FAO increasing response to tomato-eating moth threatening crops in Near East, emphasizes 'soft approach' programs that focus on environmentally, economically sustainable methods that reduce use of pesticides, use natural enemies of pest
July 19, 2012
– FAO is stepping up its response to a tomato-eating moth that is threatening crops in the Near East. Along with partners in affected countries, FAO is emphasizing "soft" pest control programs against the tomato borer that have already succeeded in minimizing damage in the Mediterranean, including North African countries.
Planning is currently underway for a sub-regional project to manage the tomato borer, or Tuta absoluta, in Egypt, Iran, Iraq, Jordan, Lebanon, Syria and Yemen, drawing on techniques used most recently in various Mediterranean countries.
The idea is to keep damage to a minimum with environmentally and economically sustainable methods that reduce the heavy use of pesticides, and favour the use of natural enemies and "attract-and-kill" pheromone traps.
Tuta absoluta also feeds on various plants in the nightshade (solanaceae) family like potato, eggplant, pepper, common beans, and some related weeds, but the tomato is the most economically important crop in the region.
The small, brownish moth was first introduced from South America into Spain in 2006 and later spread to countries in the Mediterranean Basin and the Near East - encompassing territories as far north as Switzerland, as far south as Morocco and Algeria, as far east as Turkey, and also Arab Gulf states to the southeast.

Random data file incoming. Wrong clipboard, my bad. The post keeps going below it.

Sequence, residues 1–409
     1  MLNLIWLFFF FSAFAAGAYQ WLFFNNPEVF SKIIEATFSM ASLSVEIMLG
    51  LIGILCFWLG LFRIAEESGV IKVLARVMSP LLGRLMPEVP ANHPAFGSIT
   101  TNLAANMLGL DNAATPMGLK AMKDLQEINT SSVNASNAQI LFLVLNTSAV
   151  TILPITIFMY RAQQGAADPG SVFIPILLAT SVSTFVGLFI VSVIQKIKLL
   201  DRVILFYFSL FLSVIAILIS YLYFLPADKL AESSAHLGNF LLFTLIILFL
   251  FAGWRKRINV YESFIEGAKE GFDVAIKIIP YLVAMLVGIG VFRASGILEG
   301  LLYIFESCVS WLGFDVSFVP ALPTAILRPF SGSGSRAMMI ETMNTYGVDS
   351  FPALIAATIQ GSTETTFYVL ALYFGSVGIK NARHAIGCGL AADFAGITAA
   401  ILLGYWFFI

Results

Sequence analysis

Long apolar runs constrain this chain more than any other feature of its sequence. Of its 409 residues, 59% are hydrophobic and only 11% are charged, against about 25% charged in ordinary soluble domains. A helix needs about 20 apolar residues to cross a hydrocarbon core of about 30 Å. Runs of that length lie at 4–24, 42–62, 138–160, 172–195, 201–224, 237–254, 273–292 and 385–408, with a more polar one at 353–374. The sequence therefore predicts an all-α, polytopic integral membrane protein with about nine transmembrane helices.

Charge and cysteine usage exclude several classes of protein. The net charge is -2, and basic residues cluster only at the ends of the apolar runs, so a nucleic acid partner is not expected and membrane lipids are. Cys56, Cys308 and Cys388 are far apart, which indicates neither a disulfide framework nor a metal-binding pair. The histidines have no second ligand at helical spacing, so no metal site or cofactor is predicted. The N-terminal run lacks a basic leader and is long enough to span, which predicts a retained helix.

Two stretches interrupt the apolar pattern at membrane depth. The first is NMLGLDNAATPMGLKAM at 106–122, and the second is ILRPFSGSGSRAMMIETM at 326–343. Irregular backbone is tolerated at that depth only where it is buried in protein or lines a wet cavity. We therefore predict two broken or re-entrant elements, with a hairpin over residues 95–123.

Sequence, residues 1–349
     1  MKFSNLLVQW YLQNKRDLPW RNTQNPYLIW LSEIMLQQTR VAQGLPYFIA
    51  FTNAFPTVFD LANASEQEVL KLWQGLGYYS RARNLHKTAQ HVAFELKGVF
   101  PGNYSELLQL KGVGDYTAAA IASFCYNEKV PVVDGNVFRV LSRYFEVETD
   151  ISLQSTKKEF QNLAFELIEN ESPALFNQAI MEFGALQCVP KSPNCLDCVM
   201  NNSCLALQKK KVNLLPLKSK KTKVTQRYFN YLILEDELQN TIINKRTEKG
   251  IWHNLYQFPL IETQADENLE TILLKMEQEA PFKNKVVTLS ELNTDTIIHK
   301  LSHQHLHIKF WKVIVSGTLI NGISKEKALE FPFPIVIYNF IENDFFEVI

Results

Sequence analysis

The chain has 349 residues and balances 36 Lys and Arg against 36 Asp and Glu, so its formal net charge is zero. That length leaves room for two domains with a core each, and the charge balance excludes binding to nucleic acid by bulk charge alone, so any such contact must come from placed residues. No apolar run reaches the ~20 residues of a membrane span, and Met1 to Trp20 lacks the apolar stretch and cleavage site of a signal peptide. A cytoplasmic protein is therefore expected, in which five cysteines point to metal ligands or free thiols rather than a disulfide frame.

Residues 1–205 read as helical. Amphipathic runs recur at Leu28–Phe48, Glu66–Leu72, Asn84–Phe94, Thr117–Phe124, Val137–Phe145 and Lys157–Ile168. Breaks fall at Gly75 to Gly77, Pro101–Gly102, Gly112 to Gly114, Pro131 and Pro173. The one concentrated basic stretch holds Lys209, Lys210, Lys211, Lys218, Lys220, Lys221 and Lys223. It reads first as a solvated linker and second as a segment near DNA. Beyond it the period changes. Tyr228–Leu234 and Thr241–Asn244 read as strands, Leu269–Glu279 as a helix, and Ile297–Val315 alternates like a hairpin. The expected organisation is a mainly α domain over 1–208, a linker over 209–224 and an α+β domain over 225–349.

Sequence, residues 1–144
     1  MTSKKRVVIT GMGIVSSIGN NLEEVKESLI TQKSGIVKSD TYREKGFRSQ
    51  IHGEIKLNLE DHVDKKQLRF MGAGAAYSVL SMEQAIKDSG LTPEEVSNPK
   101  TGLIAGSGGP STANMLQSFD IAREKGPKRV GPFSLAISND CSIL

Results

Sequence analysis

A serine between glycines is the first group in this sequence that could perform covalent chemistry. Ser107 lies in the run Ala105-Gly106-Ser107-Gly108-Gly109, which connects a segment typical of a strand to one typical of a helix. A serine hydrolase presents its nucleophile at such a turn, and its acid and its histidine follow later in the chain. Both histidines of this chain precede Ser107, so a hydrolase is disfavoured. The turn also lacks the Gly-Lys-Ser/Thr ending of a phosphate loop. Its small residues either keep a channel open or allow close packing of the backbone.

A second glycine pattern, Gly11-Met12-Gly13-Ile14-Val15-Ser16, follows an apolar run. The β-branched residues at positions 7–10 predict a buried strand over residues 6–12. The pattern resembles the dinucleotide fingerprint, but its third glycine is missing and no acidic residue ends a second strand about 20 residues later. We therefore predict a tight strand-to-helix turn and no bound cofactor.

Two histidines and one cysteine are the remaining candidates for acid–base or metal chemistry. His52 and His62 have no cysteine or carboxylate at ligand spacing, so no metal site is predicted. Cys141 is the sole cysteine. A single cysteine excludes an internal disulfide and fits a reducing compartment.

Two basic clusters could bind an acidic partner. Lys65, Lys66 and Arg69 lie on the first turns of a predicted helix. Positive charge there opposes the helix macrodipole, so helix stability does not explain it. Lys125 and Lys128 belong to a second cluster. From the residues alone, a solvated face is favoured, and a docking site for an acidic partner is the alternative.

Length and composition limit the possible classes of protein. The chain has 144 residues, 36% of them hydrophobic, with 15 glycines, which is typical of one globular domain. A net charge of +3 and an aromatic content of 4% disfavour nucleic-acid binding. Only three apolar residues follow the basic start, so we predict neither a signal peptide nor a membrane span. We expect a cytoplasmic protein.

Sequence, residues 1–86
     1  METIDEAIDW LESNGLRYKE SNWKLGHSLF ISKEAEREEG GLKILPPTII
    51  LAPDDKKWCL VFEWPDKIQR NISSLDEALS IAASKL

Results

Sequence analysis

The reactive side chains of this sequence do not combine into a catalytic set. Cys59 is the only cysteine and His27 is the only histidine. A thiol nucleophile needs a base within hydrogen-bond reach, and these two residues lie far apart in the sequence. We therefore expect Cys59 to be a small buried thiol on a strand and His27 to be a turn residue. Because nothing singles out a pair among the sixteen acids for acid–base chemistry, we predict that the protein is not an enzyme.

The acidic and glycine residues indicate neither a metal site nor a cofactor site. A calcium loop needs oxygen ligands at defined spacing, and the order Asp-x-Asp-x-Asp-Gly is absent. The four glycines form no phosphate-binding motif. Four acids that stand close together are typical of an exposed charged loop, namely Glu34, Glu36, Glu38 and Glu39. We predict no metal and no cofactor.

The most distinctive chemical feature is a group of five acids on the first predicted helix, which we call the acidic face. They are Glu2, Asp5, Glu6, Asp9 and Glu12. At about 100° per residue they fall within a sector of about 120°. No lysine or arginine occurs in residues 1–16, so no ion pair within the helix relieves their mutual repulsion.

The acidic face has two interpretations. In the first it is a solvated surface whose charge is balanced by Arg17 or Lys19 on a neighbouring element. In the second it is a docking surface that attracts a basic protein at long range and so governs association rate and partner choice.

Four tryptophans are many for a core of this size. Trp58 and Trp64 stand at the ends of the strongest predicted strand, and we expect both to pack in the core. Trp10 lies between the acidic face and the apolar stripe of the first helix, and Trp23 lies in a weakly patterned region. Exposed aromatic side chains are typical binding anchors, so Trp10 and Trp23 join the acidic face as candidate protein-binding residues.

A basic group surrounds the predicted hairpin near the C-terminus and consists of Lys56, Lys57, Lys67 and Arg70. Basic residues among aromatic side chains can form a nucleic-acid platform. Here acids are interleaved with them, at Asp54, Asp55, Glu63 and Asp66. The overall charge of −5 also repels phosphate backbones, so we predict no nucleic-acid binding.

"The tomato borer has bred quickly and moved easily across borders. Some countries have been able to minimize the insect's ability to reproduce, and limit its potential to spread and damage crops. FAO's objective is to replicate this success as the pest makes its way east and southeast," said FAO pest management expert Khaled Alrouechdi.
"There are two reasons why we aim to reduce the level of pesticides used: First, the heavy application of chemicals is not environmentally sustainable. Second, the tomato borer has been known to rapidly develop resistance to insecticides," Alrouechdi said.
"Softer" pest control
FAO has been using Integrated Pest Management (IPM) schemes in affected countries to develop low-toxic, affordable approaches to pest control, including:
reduced use of chemical pesticides and select natural ones
pheromone traps that lure the insects by mimicking potential mates
the release of natural enemies (predators and parasitoids of the tomato borer)
the use of insect-proof screens and double doors in greenhouses
nursery management and insect-free planting materials
removal of infested crops and wild host plants
rotating crops with non-solanaceous varieties that do not appeal to the insect.
"Pheromones have long been used in various countries for monitoring and mass trapping. It's considered economical, it's easy to use, and it has been well accepted by farmers," Alrouechdi said.
"The use of pheromone traps, collectively by farmers, to eliminate insects using what we call the attract-and-kill method is one of our most promising options," he added.
FAO promotes IPM as the preferred approach to crop protection and pesticide risk reduction, as it offers farmers and policy makers viable alternatives to manage pests and agricultural ecosystems for a more sustainable future.